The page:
Jan. 20 2020 11:08 AM

2019 price looks to see a $2.35 increase over 2018.

While we are not at $20 milk quite yet, a boost of over a buck is a step in the right direction. Mark Stephenson gave his predictions for the upcoming year when he presented “The dairy situation and outlook for 2020” during the monthly Hoard’s Dairyman webinar.

The director of policy analysis at the University of Wisconsin-Madison outlined trends that impact domestic milk prices and used that data to look into the future.

Two decades ago, only about 3% of dairy products were exported. Recently, it has been hovering around 15%. U.S. cheese stock has been elevated over the past few years, but that is starting to wane over last year’s high inventory levels.

In 2015 and 2016, Oceania’s butter prices were well below U.S. prices. This slowed U.S. sales with such a strong competitor on the international market. However, the following year, prices were closer, and currently U.S. prices are slightly higher than Oceania’s global cheese price.

Additionally, the European Union’s skim milk powder (SMP) stocks were massive from 2016 to 2018. “The high stocks in the EU are now gone. There’s life in the skim milk market again,” stated Stephenson.

While the U.S. exported slightly less dairy products in volume in 2019, the net export value was up.

Another piece of good news for milk prices is that U.S. consumers are confident about the economy. The unemployment rate is also very low.

Domestically, sales of fluid milk continue to decline.

“Fluid milk sales continue to slide due to competition in the beverage space,” he reported. Milk and cereal were a common companion for breakfast, but “cereal sales are on the floor,” he explained. Fortunately, dairy products are a good buy and overall per capita consumption of other dairy products is high.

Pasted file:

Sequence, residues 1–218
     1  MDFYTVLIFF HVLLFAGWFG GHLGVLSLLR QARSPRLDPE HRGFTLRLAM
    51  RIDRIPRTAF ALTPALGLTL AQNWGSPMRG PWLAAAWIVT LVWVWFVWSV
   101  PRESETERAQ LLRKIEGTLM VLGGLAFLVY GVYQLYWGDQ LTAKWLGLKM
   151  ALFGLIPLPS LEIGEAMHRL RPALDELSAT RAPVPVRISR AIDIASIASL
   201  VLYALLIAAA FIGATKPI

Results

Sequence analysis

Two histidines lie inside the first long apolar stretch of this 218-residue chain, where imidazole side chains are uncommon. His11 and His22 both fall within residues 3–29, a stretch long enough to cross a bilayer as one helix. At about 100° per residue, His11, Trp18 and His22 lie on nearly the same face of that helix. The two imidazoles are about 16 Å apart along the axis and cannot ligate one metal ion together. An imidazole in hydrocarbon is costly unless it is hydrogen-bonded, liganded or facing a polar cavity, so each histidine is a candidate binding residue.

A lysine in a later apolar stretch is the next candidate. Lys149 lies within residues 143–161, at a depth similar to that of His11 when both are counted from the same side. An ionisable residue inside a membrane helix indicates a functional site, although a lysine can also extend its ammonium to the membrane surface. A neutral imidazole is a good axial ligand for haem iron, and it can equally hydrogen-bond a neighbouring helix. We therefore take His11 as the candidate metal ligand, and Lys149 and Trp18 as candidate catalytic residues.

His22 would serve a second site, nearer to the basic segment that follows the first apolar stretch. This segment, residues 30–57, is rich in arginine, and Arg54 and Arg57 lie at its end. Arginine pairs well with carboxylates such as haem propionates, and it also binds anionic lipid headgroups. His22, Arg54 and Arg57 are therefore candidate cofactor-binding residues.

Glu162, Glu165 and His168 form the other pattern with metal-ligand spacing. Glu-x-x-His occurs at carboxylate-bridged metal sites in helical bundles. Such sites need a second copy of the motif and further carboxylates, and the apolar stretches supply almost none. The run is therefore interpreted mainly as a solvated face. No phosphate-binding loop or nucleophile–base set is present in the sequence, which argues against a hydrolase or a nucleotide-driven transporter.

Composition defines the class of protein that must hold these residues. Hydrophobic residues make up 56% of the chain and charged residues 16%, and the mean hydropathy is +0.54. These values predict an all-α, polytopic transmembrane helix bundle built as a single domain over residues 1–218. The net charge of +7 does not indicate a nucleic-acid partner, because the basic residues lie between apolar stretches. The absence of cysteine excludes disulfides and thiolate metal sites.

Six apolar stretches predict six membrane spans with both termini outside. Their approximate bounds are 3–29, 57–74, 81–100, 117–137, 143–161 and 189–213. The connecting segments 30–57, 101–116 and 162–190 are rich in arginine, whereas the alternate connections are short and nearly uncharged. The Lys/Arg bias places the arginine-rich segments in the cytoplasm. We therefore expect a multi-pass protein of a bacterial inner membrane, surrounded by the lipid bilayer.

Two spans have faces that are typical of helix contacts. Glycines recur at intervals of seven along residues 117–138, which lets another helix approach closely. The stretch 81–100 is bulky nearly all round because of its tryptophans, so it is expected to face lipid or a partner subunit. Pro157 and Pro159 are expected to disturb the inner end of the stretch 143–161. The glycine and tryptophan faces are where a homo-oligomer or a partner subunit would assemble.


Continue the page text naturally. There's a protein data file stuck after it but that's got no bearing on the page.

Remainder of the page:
On the herd inventory side, current U.S. cow numbers are down from 2018 and 2017, but production per cow has been on a steady increase over the years.

How do our trade partners look? China’s per capita dairy consumption is expected to grow and trade (primarily whey) deals are being negotiated. Small farms in China are also exiting faster than the mid-sized and larger operation. Additionally, Mexico has started to purchase from us again. So, trade looks to be headed in the right direction.

Moving forward, the items to keep an eye on that are positive factors influencing price are slowing U.S. and global milk production, declining domestic and world stocks, relatively strong domestic economy, and any pending trade improvements. On the flip side, those trade negotiations, when drawn out, create challenges. Also, the slowing gross national product (GNP) in countries like China factor into the equation. A few countries in Europe, like Germany, France, and the United Kingdom, are experiencing weak economies. And the potential for a U.S. recession, despite consumer confidence, could impair milk price.

For a deeper explanation and detailed charts, the archived presentation is available. This webinar was sponsored by Zinpro. Over 100 past webinars are also available on our website at hoards.com under the webinar archives tab.

Join us next month:

Michael Steele
Michael Steele, University of Guelph, will present “Nutritional regulation of gut function in calves: colostrum and milk” on Monday, February 10, at noon (Central time).

Feeding high-quality colostrum is one of the most critical factors in calf survival and health. New strategies to transition calves from colostrum to high planes of milk nutrition early in life also will be shared during the webinar. The presentation is sponsored by Cargill.

Register at www.hoards.com/webinars.

Patti Hurtgen

The author is the online media manager and is responsible for the website, webinars, and social media. A graduate of Modesto Junior College and Fresno State, she was raised on a California dairy and frequently blogs on youth programs and consumer issues.